Kenneth BostickAge 59
4 May 2017
New York (USA)
TDoR list ref: tgeu/4-May-2017/Kenneth Bostick
Kenneth lived in a homeless shelter and was beaten on the head with a metal pipe. He spent more than a week in Bellevue Hospital before he died on 4th May.
Bostick also used to talk about finding permanent housing, and he had plans for that, too. “He wanted a big apartment,” the social worker said, and when he got it someday, his plan was to have a dinner party. He’d invite a bunch of friends and serve them a big catered spread. “But then he’d make people believe that he cooked the food himself. He laughed when he said that. He knew it was a little rascally.”
Initial news reports about his murder misgendered Kenneth and referred to him by his deadname.
We Got It Wrong
UPDATE: Initial reports incorrectly identified Kenneth Bostick as a transgender woman. We have updated this story to indicate he was a trans man.
When a crime happens—especially a violent crime—details can be sparse, and the media can rush to get the story out before getting it right.
Last week we reported on the death of Kenneth Bostick, believed to be the tenth trans person murdered in the U.S. so far this year. Working on early news reports, we misgendered Kenneth as a trans woman. In subsequent days, friends have stepped forward to give a more accurate representation of his identity.
While our mistake was made without malice, it was a mistake nonetheless. Too many times crimes against transgender people are misreported and their identities are erased. Sometimes that’s out of ignorance, but too often it’s because family members don’t want to be “embarrassed” or authorities don’t want to acknowledge the epidemic of anti-trans violence. One in four trans people has faced a bias-driven assault in this country, and 2016 saw more murders of trans people than any other.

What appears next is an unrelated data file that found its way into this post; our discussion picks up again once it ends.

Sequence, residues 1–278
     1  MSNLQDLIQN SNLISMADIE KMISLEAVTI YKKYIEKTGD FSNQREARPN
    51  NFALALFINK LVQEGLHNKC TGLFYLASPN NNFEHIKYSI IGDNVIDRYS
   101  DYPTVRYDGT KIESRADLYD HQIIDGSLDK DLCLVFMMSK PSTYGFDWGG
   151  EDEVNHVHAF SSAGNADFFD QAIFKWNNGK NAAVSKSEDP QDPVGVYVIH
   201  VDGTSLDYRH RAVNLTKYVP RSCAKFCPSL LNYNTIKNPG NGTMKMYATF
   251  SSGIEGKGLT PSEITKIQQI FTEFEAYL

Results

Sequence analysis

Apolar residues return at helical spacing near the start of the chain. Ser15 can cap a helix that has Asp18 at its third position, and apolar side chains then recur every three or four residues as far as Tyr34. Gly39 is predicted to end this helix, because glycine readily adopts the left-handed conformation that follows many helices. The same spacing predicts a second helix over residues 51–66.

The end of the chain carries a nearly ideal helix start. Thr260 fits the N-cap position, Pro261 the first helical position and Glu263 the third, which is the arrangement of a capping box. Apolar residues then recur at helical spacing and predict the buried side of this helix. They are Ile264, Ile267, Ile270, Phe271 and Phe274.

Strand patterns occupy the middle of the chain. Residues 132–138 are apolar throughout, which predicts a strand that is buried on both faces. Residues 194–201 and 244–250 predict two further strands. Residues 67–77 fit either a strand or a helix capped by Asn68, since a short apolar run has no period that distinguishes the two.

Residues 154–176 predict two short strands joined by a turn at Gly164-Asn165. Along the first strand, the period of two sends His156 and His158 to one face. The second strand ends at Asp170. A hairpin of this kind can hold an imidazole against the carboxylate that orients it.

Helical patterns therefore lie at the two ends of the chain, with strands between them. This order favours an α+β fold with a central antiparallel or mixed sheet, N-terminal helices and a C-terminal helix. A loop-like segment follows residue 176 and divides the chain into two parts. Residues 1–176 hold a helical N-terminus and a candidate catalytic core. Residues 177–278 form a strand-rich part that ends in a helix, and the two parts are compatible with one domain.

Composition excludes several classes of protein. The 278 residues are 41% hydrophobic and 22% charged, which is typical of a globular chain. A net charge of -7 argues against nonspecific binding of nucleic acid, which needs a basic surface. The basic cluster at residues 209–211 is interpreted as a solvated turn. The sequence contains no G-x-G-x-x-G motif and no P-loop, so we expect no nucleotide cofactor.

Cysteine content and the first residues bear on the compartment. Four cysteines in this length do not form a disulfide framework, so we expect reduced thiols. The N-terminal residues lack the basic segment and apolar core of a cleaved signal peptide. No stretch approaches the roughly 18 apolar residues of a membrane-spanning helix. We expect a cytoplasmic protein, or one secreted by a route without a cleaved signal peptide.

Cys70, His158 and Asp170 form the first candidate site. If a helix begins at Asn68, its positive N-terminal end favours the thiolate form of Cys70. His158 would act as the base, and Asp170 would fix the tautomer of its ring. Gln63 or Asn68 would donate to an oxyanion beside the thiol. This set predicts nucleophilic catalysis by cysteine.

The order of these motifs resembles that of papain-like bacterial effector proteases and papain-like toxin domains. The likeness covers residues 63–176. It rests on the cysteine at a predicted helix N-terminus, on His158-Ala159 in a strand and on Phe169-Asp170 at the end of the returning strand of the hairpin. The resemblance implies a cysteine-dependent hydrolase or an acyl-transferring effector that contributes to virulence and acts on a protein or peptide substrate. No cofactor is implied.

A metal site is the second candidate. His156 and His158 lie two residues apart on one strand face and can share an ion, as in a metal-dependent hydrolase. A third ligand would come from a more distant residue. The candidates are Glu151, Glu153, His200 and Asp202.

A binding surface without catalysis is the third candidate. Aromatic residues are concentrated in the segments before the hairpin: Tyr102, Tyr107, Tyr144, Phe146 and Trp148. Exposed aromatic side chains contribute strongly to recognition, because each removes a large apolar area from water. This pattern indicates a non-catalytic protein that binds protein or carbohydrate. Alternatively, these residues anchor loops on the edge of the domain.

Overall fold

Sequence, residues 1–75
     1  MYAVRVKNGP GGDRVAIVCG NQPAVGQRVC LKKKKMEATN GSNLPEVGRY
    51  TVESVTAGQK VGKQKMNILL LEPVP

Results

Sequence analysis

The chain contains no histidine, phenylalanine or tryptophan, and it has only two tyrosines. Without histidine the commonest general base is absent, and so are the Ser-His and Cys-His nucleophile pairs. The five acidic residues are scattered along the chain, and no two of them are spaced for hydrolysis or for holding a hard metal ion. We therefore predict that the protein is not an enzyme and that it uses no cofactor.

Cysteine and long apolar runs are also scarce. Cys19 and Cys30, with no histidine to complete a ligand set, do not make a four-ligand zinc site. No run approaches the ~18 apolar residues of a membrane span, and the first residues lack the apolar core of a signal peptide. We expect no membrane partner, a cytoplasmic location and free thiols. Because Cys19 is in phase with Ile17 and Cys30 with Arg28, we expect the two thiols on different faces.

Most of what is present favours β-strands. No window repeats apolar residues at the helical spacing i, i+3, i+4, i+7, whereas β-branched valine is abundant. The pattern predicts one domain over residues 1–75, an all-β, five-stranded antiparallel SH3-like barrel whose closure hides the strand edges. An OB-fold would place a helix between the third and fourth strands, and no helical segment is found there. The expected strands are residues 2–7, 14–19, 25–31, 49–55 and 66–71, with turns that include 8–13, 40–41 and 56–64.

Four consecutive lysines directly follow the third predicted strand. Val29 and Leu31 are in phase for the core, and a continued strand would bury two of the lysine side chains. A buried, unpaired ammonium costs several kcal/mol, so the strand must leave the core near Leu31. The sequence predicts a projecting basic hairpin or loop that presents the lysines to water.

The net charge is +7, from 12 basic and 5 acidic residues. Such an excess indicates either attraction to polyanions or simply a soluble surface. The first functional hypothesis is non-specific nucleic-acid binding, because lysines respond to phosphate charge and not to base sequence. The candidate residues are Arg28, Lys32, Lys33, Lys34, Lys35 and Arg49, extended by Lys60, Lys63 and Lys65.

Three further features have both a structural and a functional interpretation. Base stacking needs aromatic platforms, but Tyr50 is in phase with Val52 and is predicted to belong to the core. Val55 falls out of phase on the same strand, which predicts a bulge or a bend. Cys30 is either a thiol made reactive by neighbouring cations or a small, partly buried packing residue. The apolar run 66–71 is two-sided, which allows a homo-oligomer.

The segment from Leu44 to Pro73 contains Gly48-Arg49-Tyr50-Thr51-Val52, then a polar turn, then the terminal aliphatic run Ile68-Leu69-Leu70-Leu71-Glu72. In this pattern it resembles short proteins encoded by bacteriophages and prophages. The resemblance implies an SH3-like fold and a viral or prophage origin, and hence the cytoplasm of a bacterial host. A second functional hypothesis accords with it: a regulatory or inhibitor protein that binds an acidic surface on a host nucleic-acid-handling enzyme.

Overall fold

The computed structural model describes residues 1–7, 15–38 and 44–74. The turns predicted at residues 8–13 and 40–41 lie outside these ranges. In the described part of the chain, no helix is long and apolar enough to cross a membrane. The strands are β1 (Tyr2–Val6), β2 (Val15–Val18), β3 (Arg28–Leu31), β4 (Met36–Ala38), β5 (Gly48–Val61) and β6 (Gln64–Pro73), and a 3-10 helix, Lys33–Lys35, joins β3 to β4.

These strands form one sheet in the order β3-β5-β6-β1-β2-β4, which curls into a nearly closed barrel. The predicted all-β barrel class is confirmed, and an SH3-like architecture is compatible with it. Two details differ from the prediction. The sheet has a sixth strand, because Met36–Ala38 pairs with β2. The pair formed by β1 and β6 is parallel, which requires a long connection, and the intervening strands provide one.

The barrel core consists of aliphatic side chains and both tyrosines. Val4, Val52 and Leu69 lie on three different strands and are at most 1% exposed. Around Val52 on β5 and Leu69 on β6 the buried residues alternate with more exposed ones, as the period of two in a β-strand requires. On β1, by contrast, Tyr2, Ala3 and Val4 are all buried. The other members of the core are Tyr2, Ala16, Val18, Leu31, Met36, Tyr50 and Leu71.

But it’s also about shaping a narrative: We, like most outlets, reported that Bostick’s death was the tenth murder of a trans woman of color in 2017. While it’s important to acknowledge that, it also drives a narrative about who is at risk and who needs help. Shelters and other social services are often divided by gender—a trans man housed with cisgender men faces serious threats to their safety and well-being. And that shouldn’t be ignored, either.
And lastly, it’s about human beings: It’s easy to boil a person down to the particulars of their death, to paint them as just another victim. Especially if they’re not on Facebook or don’t have dozens of selfies on Instagram.